Malpractice insurance (sometimes called professional liability) is an essential piece of a dentist’s insurance puzzle. Unlike other forms of insurance, malpractice insurance is required in order for you to perform your job as a dentist. Malpractice claims are more common than you might think, so it is important to be prepared. Malpractice insurance is in place to help mitigate the risk of a patient filing a claim against you for potential negligence. The insurance will help cover costs to defend yourself so that you won’t be held personally liable for the claim.
When do you need to get malpractice insurance?
Since malpractice insurance is required, it is recommended that you acquire coverage as soon as you have a job lined up after graduation. It is possible to backdate the policy in the event that you forget to sign up before you start working.
What is covered by malpractice insurance?
You will be covered when performing the duties of a general dentist based on the definition provided by your state. If you perform procedures of a specialty on a regular basis, this will need to be added to your policy.
If you were to be caught in a malpractice claim, your insurance would cover the cost of defending/settling the claim, damages (if liable), and punitive damages.
What options do you need to consider in your malpractice policy?
Claims-Made or Occurrence
This is likely the most important option to consider within your policy. It dictates whether you will be covered for a claim based on when an incident occurred and when a claim was filed. If you have a claims-made policy, you will be covered if a policy is active at the time an incident occurs and at the time the claim is reported. If you have an occurrence policy, you will be covered for any incident that occurs while a policy is active, regardless of when a claim is reported.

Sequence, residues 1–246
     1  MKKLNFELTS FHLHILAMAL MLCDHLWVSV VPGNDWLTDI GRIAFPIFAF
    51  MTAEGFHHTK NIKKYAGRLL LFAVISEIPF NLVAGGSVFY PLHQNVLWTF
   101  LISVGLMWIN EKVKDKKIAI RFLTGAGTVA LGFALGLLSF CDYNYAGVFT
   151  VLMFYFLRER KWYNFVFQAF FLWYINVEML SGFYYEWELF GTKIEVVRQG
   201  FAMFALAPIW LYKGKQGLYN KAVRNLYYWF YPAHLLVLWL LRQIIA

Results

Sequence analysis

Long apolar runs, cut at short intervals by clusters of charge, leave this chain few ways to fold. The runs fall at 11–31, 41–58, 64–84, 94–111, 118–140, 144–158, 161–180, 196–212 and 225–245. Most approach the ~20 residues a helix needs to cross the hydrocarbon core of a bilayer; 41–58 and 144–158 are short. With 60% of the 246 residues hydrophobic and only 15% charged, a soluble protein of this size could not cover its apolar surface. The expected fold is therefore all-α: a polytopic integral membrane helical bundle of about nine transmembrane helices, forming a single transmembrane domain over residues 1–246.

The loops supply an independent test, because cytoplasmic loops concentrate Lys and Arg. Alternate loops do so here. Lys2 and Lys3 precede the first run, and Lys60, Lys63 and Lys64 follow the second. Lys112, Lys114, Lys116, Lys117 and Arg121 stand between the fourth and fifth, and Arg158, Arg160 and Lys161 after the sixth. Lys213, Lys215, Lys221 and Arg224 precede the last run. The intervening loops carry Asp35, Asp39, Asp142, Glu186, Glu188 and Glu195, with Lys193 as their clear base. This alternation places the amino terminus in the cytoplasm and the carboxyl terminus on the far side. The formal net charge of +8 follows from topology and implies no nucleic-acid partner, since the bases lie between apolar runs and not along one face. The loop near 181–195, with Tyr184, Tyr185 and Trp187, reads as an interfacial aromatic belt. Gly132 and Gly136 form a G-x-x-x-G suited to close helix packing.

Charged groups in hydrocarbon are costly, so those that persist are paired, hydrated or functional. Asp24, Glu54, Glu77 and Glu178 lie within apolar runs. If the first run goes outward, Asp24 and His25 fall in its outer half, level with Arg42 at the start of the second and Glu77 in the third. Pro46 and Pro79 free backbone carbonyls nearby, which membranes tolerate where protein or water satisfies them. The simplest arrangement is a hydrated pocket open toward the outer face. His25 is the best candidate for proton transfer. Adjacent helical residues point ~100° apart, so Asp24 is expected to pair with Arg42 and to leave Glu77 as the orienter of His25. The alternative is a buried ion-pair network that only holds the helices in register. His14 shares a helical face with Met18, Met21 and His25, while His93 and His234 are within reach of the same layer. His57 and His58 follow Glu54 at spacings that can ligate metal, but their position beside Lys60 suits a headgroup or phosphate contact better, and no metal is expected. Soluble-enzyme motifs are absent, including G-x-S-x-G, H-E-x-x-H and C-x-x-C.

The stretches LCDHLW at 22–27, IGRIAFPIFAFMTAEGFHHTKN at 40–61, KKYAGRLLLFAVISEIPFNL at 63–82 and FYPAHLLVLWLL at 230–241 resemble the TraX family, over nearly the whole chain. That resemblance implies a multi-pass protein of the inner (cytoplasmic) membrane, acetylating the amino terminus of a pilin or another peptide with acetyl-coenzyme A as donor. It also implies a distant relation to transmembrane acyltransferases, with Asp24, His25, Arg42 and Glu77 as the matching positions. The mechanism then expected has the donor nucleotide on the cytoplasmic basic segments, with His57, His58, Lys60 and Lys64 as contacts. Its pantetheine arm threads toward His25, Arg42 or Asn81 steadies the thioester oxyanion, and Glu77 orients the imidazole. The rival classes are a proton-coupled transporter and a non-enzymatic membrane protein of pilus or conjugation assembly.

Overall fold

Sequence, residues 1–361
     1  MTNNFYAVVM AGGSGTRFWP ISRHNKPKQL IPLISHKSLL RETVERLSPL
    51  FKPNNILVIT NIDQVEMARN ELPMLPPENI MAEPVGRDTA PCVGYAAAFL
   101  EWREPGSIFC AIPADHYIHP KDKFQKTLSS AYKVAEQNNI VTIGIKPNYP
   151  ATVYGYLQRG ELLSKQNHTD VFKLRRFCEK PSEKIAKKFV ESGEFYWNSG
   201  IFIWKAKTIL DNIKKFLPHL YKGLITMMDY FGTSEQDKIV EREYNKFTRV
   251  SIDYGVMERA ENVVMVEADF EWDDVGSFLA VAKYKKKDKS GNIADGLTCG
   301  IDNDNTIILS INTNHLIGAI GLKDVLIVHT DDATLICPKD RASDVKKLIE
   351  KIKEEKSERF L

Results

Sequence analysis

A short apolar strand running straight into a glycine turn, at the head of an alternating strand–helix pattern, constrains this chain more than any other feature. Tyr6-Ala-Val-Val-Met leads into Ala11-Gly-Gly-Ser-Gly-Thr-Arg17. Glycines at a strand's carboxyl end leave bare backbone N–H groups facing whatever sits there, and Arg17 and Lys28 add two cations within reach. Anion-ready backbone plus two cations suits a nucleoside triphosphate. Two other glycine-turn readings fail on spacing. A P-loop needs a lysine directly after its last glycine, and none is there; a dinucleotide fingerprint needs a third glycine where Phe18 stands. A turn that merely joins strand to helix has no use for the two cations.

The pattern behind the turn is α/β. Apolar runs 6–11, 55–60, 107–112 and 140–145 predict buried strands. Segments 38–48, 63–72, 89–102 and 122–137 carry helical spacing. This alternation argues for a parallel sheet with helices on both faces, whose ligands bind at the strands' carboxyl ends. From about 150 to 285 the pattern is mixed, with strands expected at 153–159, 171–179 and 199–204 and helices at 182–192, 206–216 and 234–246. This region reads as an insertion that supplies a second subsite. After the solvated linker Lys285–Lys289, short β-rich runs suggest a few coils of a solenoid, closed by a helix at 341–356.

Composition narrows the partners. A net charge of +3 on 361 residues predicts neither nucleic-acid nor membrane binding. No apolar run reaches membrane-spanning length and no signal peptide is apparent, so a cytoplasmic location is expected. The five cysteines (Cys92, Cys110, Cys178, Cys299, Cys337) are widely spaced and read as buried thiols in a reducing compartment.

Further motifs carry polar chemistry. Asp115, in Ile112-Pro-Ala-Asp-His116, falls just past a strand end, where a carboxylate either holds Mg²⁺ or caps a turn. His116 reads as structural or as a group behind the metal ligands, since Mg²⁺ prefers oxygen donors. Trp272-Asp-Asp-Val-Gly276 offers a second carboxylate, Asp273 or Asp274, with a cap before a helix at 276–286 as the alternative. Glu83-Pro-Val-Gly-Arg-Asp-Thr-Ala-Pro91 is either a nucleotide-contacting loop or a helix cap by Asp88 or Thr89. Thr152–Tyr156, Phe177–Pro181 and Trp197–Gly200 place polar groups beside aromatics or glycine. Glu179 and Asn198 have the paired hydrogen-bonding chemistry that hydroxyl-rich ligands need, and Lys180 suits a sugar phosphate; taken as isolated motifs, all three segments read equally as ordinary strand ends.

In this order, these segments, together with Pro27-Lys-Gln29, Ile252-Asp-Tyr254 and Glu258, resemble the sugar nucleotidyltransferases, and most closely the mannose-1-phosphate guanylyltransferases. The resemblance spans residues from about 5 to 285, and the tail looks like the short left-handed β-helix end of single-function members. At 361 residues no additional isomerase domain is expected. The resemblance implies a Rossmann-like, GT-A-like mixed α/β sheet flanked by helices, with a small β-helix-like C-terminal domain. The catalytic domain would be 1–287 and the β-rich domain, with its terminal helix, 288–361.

Because of these two definitions, I like to think of an occurrence policy as “set it and forget it.” Once you have the policy, you never have to worry about gaps in coverage. Nor do you have to worry about coverage before or after a policy period ends. With a claims-made policy, you might have to purchase prior acts coverage or extended reporting coverage (sometimes called tail coverage) to cover you for periods before and after a policy has ended, respectively.
Since occurrence can be more valuable with its ease of implementation, the premiums are generally a tad higher. Though, it is not an extraordinary increase in most places.
Consent to Settle Clause
Consent to settle means that an insurance company must get written approval from the dentist to settle the claim. This is what you want in your policy so that you have the ultimate decision on what happens. The insurance company may recommend that you settle the claim to avoid further costs and time in court.
You will also want to avoid a hammer clause in your policy. If you were to refuse to settle at the recommendation of the insurance company, you could end up liable for any additional costs in excess of what the insurance company asked you to settle for.
How much will you pay for a malpractice policy?
Malpractice insurance premiums are highly dependent on location, procedure mix, and office structure. If you practice in a large city, your premiums are likely to be higher than someone practicing in a small city. If you are doing more complex cases outside the scope of general dentistry, then your premiums will likely be higher. Lastly, if you work for a DSO instead of a private practice, your premiums will likely be higher.
When shopping for the best rates, it is fruitless to compare with peers who are not in the same area and performing similar procedures.
How much malpractice insurance should you purchase?
Typical limits on a policy will be $1 million and $3 million. A $1 million limit for each individual claim and a $3 million aggregate limit per year. If you practice in a claim heavy area, an insurance agent may recommend higher limits, though that is far less common.
Luckily, malpractice insurance is not the most complicated insurance policy you’ll have to setup as a dentist. The main decision point will likely be whether you want a claims-made or occurrence policy. Once you have that figured out, interview a few providers that serve your state to determine if the premiums are comparable. With any luck, you will never have to face a claim, but are prepared for the worst.